Unlike it was in the earliest stages of the pandemic, in recent weeks COVID-19 has spread nationwide and affected rural areas and small towns, especially in the central part of the United States. Many of these areas do not have similar access to medical facilities as the largest cities, in large part due to the loss of their community hospitals. The most common reasons for the closure of these facilities were difficulties in recruiting doctors and other medical professionals and the inability of the hospitals to cover their costs. In addition, people living in non-metropolitan urban areas tend to be older and less healthy than urban residents. As the pandemic spreads in these areas, local healthcare systems and even the larger regional medical centers are far less well-equipped to cope with extremely ill COVID-19 patients. As was demonstrated during the spring of 2020 when medical resources of the largest U.S. cities were overwhelmed, there is a limit to how many patients can be successfully managed when demand inundates capacity. U.S. healthcare resources, particularly highly trained personnel, are constrained and the continued rapid increase in the number of new cases will overwhelm the system if disease transmission remains out of control. Healthcare workers remain uniquely vulnerable to COVID-19 infection due to close patient contact and continuing shortages in personal protective equipment. Evidence of the fragility of adequate staffing during the current upsurge is the November 9 order by the North Dakota governor that allows infected but still asymptomatic nurses to remain on the job. Clearly this presents a hazard for all hospitalized patients as well as other hospital staff. In such instances there are insufficient personnel resources to care for hospitalized patients even though there may be more critical care beds. The federal government can assist states and localities by acting as a clearinghouse for efficient sharing of medical personnel resources between states and, if necessary, sharing any available resources from the Department of Veterans Affairs medical system, the largest integrated healthcare system in the country, for the duration of the emergency. Such actions will provide respite for over stretched staffs.
The increasing positivity rate measured by the Johns Hopkins University COVID Resource Center, the number of positive diagnostic results divided by the number of tests, is another indication of the increasing spread of disease. The increase in the positivity rate over the last month indicates some states are capturing only the most severe cases and many mild or asymptomatic cases are being missed. Given that COVID-19 causes a significant percentage of asymptomatic cases, it is almost certain there is more transmission than is being detected by the current testing programs. For economic recovery to be sustained, there must be a high level of assurance the probability of catching the disease has been drastically reduced and it is safe to return to schools, workplaces, and various other activity venues. Even in those states that have imposed movement restrictions to control the pandemic, many remain reluctant to venture outside their homes for nonessential activities. Improved testing programs that quickly and accurately identify asymptomatic infections will give the public increased confidence that they can return to previous activities without fearing for their personal health.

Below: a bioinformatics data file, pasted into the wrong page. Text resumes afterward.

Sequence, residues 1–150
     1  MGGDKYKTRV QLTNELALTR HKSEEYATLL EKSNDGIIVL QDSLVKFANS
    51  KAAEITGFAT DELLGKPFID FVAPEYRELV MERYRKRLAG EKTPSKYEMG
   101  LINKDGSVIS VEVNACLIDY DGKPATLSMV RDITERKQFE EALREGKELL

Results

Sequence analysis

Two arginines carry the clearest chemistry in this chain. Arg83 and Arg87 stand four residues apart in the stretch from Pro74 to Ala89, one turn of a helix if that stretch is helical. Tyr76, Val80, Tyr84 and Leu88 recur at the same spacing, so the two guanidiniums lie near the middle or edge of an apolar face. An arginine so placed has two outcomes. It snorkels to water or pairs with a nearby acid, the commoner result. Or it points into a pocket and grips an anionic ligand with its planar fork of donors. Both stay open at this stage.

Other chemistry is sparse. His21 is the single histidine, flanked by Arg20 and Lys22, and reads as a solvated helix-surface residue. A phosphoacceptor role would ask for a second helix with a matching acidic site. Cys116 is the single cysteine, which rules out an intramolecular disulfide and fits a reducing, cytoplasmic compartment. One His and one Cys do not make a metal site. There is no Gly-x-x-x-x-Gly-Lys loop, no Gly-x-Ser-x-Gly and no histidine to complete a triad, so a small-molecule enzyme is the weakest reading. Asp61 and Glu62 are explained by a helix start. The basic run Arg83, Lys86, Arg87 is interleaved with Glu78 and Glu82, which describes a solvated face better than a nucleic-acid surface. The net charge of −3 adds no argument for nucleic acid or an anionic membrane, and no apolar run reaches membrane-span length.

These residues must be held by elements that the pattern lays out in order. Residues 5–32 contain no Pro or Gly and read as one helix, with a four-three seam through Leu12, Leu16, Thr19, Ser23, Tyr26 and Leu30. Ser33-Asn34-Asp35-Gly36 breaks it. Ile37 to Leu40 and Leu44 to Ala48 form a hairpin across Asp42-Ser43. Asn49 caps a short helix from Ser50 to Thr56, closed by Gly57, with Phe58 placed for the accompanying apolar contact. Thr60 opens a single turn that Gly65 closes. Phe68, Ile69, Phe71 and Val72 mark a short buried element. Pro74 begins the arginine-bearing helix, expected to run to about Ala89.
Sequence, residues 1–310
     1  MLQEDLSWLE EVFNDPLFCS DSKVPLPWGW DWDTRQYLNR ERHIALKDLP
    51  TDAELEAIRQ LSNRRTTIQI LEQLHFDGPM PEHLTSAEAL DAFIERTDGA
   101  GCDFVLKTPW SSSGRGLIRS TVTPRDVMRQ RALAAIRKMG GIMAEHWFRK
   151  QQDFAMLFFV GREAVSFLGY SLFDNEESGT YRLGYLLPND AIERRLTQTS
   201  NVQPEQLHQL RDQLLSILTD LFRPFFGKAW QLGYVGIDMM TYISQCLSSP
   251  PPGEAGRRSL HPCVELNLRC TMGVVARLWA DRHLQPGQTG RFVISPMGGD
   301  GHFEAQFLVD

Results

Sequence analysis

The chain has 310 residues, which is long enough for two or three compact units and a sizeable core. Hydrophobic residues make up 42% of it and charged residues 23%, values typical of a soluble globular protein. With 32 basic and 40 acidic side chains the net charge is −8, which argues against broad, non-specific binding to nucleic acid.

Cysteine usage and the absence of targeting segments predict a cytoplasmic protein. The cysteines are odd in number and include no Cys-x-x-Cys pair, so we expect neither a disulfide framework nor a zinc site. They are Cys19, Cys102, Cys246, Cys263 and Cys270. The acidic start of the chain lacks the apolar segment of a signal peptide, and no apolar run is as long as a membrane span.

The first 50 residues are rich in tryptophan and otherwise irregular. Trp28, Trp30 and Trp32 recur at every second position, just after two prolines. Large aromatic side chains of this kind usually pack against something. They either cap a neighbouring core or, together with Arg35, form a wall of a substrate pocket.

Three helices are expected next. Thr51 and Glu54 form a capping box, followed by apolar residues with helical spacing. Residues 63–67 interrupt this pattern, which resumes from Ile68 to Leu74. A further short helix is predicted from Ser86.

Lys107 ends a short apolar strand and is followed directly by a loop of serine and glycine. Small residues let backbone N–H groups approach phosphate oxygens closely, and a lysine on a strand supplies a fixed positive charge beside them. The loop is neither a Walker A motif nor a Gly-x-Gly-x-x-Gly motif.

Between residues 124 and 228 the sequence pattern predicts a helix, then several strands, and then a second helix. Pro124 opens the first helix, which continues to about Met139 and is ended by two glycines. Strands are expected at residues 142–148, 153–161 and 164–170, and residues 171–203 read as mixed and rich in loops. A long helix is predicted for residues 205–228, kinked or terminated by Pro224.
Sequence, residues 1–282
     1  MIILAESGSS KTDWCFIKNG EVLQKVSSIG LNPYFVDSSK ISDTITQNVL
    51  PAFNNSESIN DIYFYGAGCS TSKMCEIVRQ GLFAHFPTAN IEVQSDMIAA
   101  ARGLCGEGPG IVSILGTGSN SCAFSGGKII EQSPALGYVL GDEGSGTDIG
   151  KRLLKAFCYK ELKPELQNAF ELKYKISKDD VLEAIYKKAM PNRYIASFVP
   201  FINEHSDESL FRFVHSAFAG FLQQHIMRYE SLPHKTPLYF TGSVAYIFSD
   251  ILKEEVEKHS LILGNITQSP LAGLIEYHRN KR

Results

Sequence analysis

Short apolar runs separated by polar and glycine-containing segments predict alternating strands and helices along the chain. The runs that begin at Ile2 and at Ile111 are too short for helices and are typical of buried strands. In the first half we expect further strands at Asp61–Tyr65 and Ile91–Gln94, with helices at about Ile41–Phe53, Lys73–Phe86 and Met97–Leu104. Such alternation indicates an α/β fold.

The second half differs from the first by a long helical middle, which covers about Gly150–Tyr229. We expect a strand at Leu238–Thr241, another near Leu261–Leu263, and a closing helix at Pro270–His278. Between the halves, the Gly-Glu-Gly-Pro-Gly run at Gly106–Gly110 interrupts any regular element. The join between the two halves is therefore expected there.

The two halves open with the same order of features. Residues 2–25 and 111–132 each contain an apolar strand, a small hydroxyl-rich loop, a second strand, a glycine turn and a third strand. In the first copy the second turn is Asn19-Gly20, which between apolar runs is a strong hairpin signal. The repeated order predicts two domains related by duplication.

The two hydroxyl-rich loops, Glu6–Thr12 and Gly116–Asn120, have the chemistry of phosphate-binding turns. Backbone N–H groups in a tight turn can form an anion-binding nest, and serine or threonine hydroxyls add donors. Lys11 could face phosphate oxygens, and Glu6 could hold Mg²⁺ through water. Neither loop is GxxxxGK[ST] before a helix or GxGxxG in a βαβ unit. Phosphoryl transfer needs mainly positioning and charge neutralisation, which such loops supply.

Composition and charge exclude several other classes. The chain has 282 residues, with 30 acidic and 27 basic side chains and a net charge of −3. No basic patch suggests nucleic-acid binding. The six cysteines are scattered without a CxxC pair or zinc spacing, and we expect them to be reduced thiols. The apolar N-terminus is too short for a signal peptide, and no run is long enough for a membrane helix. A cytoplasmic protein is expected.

On November 16, Moderna announced preliminary phase three clinical trial data that indicates its vaccine was about 94 percent effective. This news comes on the heels of a November 9 announcement by Pfiizer-BioNTech that its phase three vaccine clinical trials showed more than 90 percent effectiveness. Thus, there are at least two vaccine candidates that could provide protection to the U.S. population in the coming months if approved by the U.S. Food and Drug Administration for emergency use. It remains to be seen if the immunity conferred by the vaccines prevents both illness and disease transmission. Among the other hurdles to controlling the spread of SARS-CoV-2 through vaccination in the near term are producing sufficient doses and deploying the vaccine throughout the country. Both vaccines require two doses to be effective. The logistics of vaccinating the over 300 million people in the United States are daunting given the strict timing of the required doses. Additionally the Pfizer-BioNTech vaccine requires ultra-cold storage and the equipment to maintain such temperatures is not common or widespread. Other vaccine candidates are in clinical trials and may provide more opportunities to control COVID-19.